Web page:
Have you been eating processed meat without realizing it?
When it comes to a healthy diet, you don’t need to quit carbs or fat or even sugar.
But your dietitian will suggest you limit processed meat. In fact, avoiding processed meat is best for cancer prevention.
Research shows that eating even small amounts increases your risk for colorectal cancer.
The problem is, processed meat is convenient – and it’s everywhere. But what qualifies as processed meat?
“Processed meat is any meat that has been preserved by salting or smoking,” says Debra Ruzensky, a clinical dietitian at MD Anderson. “As well as the well-known examples like hot dogs and bologna, it includes almost all deli meats used in sandwiches, bacon bits added to soups and salads, and sausage and pepperoni you find on pizzas.”
You might also find bacon used for flavoring in pasta sauces and prepared vegetable dishes.
Processed meats contain carcinogens
Processed meats have nitrates and nitrites added to preserve the meat and maintain color.
Nitrates and nitrites are chemicals naturally found in soil, water and vegetables. They aid in digestion and are found in our saliva and blood.
“Diets high in vegetables are good for health. But when nitrates and nitrites are added to processed meats and are exposed to heat, they become harmful,” says Ruzensky.
Research has shown that these chemicals can damage the colon, causing cells to mutate and tumors to form. And the meat is often cooked at a high temperature, which also creates carcinogens.
“You’re essentially introducing carcinogens right into the tissue of the lower intestine,” says Ruzensky. “Eating 50 grams of processed meat per day increases your risk for colorectal cancer by 16%. 50 grams is one hot dog, or two slices of ham.”
Watch out for meats labeled nitrate-free
Nitrate-free or uncured meats still count as processed meat because they usually contain natural nitrates like celery powder.
Food producers can mark something nitrate-free if it doesn’t contain artificial nitrates, but there’s no research to suggest that natural nitrates are better.
“It’s like glucose that comes from honey instead of sugar. Your body recognizes both as glucose when it’s digested,” says Ruzensky. “With nitrates, whether it’s natural or not, it’s still nitrates.”
Skip packaged turkey and chicken
Turkey and chicken are often recommended as healthy alternatives to red meat. But if they are preserved, they count as processed meats and are harmful.
Roasted chicken and roasted turkey in deli meat packets or at the deli counter have likely had nitrates added. Turkey bacon does, too.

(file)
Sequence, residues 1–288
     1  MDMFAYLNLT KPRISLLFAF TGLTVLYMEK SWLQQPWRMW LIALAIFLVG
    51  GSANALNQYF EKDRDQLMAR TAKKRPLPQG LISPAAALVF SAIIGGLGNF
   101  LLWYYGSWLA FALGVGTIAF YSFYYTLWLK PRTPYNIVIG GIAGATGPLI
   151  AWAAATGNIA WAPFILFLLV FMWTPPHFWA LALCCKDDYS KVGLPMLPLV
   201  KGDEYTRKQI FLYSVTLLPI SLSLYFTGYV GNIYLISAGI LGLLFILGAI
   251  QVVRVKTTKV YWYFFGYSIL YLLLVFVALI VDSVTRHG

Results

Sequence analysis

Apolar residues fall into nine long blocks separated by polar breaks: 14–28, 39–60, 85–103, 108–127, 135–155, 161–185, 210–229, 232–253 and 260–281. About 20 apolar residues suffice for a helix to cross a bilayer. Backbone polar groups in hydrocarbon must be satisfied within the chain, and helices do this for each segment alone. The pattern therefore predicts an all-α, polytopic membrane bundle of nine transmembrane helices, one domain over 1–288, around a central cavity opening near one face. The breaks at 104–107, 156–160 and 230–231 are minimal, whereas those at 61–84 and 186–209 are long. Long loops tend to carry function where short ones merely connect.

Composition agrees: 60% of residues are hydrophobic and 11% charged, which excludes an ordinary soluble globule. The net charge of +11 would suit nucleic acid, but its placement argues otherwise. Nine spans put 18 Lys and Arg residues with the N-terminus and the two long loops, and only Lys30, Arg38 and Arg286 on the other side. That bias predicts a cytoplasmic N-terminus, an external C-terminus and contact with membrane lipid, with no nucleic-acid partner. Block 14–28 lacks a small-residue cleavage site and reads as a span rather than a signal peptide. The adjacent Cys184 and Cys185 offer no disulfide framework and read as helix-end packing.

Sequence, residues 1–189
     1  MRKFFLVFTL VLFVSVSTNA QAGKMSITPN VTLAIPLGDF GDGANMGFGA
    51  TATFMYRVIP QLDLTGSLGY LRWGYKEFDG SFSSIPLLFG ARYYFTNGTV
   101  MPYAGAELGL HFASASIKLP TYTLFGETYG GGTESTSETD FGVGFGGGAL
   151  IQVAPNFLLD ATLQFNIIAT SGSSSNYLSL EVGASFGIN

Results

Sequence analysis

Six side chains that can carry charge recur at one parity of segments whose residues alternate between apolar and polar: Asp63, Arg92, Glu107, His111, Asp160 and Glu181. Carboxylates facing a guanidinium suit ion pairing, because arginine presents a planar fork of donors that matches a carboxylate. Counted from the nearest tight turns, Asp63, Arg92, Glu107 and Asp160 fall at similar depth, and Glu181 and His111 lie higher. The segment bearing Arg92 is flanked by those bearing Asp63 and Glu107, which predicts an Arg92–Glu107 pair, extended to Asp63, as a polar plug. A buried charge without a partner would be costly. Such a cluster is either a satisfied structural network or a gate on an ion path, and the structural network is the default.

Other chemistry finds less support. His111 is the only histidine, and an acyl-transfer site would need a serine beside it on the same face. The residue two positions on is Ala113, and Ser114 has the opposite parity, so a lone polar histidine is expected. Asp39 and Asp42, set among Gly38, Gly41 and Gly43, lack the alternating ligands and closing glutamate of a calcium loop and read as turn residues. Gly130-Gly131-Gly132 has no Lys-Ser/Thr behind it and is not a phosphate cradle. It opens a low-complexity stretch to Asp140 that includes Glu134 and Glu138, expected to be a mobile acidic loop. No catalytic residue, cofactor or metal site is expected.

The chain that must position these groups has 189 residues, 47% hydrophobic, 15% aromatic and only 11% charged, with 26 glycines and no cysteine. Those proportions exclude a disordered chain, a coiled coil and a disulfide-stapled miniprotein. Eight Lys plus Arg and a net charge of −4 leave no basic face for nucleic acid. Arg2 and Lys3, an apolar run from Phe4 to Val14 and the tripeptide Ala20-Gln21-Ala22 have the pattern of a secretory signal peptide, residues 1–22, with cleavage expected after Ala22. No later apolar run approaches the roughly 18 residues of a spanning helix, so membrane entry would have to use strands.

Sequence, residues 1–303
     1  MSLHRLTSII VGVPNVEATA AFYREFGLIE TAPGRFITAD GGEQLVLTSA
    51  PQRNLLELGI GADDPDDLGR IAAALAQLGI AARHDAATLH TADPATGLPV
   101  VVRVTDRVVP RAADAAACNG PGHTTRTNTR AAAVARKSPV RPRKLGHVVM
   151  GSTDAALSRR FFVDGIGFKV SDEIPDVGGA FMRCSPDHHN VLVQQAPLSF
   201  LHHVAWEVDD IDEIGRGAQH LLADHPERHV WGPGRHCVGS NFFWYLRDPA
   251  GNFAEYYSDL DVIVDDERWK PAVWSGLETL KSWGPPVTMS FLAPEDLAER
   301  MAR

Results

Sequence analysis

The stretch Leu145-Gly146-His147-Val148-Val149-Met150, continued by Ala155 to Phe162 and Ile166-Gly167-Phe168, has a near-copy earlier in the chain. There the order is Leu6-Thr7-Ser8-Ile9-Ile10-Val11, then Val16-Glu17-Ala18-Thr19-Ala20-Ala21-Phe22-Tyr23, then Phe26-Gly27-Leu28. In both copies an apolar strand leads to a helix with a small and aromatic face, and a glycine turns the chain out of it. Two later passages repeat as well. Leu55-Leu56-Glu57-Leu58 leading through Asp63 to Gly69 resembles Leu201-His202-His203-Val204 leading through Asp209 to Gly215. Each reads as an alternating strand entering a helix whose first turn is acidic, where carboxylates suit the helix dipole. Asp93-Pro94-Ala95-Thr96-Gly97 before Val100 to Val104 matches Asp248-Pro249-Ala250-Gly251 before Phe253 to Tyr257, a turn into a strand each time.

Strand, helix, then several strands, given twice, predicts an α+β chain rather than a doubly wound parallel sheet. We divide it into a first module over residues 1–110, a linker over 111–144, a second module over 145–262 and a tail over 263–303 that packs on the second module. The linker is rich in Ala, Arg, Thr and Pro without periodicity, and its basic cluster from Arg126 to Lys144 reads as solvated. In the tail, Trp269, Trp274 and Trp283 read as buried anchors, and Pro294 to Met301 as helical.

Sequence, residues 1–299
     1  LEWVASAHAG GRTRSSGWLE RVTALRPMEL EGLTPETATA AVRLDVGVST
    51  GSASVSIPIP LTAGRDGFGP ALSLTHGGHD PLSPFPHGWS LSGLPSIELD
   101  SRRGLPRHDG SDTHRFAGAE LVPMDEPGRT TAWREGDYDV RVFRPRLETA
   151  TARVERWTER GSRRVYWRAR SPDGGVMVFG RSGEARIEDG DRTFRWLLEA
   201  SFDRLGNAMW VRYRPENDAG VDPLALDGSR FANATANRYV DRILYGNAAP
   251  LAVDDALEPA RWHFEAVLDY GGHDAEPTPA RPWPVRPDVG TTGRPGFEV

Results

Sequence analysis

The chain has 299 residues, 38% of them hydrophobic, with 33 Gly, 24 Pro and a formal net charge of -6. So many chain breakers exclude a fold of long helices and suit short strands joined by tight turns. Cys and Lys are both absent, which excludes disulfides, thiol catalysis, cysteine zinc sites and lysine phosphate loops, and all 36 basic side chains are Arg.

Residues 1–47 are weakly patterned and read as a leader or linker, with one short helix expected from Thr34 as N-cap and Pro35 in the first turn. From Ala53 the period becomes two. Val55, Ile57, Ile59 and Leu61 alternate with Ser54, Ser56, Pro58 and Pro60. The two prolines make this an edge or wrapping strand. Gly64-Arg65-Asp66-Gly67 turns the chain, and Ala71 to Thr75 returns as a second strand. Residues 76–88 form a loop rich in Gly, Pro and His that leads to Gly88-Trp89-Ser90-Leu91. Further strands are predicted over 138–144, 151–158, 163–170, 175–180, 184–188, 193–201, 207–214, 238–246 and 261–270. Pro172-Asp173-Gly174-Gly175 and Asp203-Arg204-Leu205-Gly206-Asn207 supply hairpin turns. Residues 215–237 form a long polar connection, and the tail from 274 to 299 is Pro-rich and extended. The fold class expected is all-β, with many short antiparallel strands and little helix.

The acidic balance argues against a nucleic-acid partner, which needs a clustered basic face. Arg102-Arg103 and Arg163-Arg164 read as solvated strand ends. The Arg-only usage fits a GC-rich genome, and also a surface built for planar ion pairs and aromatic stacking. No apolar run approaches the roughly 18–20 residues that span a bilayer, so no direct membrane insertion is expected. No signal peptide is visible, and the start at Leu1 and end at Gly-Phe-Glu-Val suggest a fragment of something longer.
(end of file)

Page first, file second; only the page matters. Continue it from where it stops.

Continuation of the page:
“Turkey bacon is probably better from a cholesterol standpoint, but it’s still processed meat,” says Ruzensky. “I like the rotisserie chicken you buy fresh. They’ve cooked it there, it's seasoned on the outside, but it's not preserved.”
Check the use-by date and ingredients
Still confused? The best way to check if your meat is processed is to check the use-by date.
“Fresh meat is not going to last for weeks and weeks in your refrigerator like some of these processed meats can,” says Ruzensky. “Look at the packets and be wary of expiration dates that are longer than a few days.”
You can also check the ingredients.
“These meats all have ingredient labels. If you see salt as the second ingredient, or if celery powder is listed, it’s a processed meat,” says Ruzensky.
Replace processed meat with fresh meat or vegetarian alternatives
You might fear sandwiches won’t be same without processed meats like ham and sliced turkey, but there are healthy alternatives.
Bake a turkey or chicken breast and slice it at home, or try tuna salad, egg salad or chicken salad.
“You can also try different proteins like hummus or tofu,” says Ruzensky. “You can add vegetarian sausages to soups or chili, or use herbs and spices to add flavor to any dish. Vegetarian sausages do not contain nitrates or nitrites, but are still high in salt, so still eat them in moderation.”
Over time, your tastes may change so that you prefer less salty foods.
“I'm not saying never eat a hot dog ever again, but it’s important to recognize that if you eat processed meat on a regular basis, your risk for cancer increases,” says Ruzensky. “It’s important to focus on fresh whole foods whenever you can.”